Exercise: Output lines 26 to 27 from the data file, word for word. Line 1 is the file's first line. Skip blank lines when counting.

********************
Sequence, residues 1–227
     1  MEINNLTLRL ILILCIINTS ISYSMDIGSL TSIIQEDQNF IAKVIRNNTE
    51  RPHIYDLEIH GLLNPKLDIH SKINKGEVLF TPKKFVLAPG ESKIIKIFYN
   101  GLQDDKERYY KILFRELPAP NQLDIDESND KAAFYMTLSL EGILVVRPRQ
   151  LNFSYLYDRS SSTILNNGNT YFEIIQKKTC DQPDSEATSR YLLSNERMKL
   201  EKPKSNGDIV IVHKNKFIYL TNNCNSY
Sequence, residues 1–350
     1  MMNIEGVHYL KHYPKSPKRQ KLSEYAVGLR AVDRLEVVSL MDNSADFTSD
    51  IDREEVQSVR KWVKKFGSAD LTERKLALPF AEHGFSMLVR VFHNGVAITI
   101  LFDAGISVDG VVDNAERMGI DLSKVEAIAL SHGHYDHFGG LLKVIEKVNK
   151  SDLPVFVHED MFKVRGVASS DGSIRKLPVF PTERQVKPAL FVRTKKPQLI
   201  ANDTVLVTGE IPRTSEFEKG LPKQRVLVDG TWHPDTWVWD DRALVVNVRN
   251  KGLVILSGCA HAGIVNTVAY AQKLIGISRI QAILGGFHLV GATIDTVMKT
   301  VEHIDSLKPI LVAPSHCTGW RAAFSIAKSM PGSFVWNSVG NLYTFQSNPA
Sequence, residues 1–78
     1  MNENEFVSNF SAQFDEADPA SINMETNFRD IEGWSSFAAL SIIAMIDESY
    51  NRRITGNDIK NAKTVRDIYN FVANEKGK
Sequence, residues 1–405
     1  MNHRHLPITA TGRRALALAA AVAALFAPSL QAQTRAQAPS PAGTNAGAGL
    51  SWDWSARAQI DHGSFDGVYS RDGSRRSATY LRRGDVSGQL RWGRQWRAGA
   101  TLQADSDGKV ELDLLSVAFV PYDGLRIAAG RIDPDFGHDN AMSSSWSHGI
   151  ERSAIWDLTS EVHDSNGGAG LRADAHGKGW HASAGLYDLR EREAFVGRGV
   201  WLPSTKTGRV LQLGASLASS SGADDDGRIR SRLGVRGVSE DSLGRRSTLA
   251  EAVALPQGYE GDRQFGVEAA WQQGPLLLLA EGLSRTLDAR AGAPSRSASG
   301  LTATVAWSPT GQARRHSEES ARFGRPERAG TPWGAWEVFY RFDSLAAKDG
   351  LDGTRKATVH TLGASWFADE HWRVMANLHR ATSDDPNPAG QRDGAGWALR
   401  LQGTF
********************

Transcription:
   351  LDGTRKATVH TLGASWFADE HWRVMANLHR ATSDDPNPAG QRDGAGWALR
   401  LQGTF